Michael Urie (Red Bull’s The Government Inspector), I must say, is operating on a whole other electric plane, giving us a highly original take on the indecisive Prince, peppered with a neurotic and hypnotic edge unlike any I’ve seen. He is adding layers of fun, sarcasm, and play on top of the grief stricken purgatory that he finds himself, elevating every moment Urie is onstage. The play is truly alive when he’s present, even as it mucks around in a world of decay and distrust. The grave scene is one of its most engaging, as Hamlet confronts the abyss of the grave with unselfconscious banter about death and dying with the grave digger, played with playful spunk by Baxter.
Unfortunately the classical actors from this well established company that attempt to match the vibrations of Urie are having difficulty rising to his plane where a better and more thrilling version of this play might have existed. I’m not saying anyone is giving a bad performance, they are not. Robert Joy (STC’s King Charles III) as Polonius easily snares some of the spotlight from Urie, as the foolish part basically commands. Oyin Oladejo’s Ophelia (Soulpepper’s Spoon River) is also thoroughly engaging, as she desperately and reluctantly, as any teenager would, gives up her cellphone to her father, and then subsequently looses her grasp on reality, falling into the abyss of the grief stricken. Ryan Spahn (Primary Stage’s Daniel’s Husband) and Kelsey Rainwater (STC’s Macbeth) as the complex pair of former school-mates of Hamlet, Rosencrantz and Guildenstern, do there best fleshing out their parts, but just like Madeleine Potter’s Gertrude (Broadway’s An Ideal Husband), they fall victim to the unsteady vision of the director and find themselves abandoned on a different level, far below the hovering Urie. They are all seasoned pros though, that is clear, giving us solid characterizations and honoring every word of that complex text, but unfortunately, they are being guided in the most traditional manner by an artistic director used to giving his audience a very understandable and well versed Shakespearean production, but one without much edge.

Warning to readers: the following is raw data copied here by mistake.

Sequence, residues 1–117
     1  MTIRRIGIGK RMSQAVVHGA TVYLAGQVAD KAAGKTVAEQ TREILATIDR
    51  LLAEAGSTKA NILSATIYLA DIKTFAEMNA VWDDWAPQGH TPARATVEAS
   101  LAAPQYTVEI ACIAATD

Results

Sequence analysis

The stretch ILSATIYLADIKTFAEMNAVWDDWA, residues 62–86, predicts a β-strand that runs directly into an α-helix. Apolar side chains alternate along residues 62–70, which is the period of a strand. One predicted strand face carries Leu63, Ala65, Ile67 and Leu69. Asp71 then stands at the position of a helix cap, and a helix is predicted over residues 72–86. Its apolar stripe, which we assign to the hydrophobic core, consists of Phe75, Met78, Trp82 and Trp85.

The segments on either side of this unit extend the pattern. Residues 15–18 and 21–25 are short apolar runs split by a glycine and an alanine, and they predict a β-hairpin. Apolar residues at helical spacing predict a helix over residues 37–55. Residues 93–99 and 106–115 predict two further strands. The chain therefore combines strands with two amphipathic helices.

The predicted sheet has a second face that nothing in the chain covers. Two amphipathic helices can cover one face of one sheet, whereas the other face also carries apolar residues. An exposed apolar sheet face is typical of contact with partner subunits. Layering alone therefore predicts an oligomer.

Before arriving at the gorgeous Sidney Harman Hall, home of the Shakespeare Theatre Company, my companion and I, over brunch, talked about the need for a strong vision and a compelling reason to place another Hamlet onto the stage. Last summer, at the Public Theater, Sam Gold, with Oscar Isaac as Hamlet, came at the text with that exact thing, playing with the story in a way that brought us to a whole other plane of existence (click here for the review of that production). Unfortunately, this production of William Shakespeare’s Hamlet leaves Urie battling his demons in an emotional frenzy all on his own, hovering and vibrating on a whole different plane and frequency. If they others had made that leap, helped up by their director, this Hamlet would have been explosive. But as orchestrated here, Michael Urie wins the duel in the end, and dies a very honorable death. All on his own.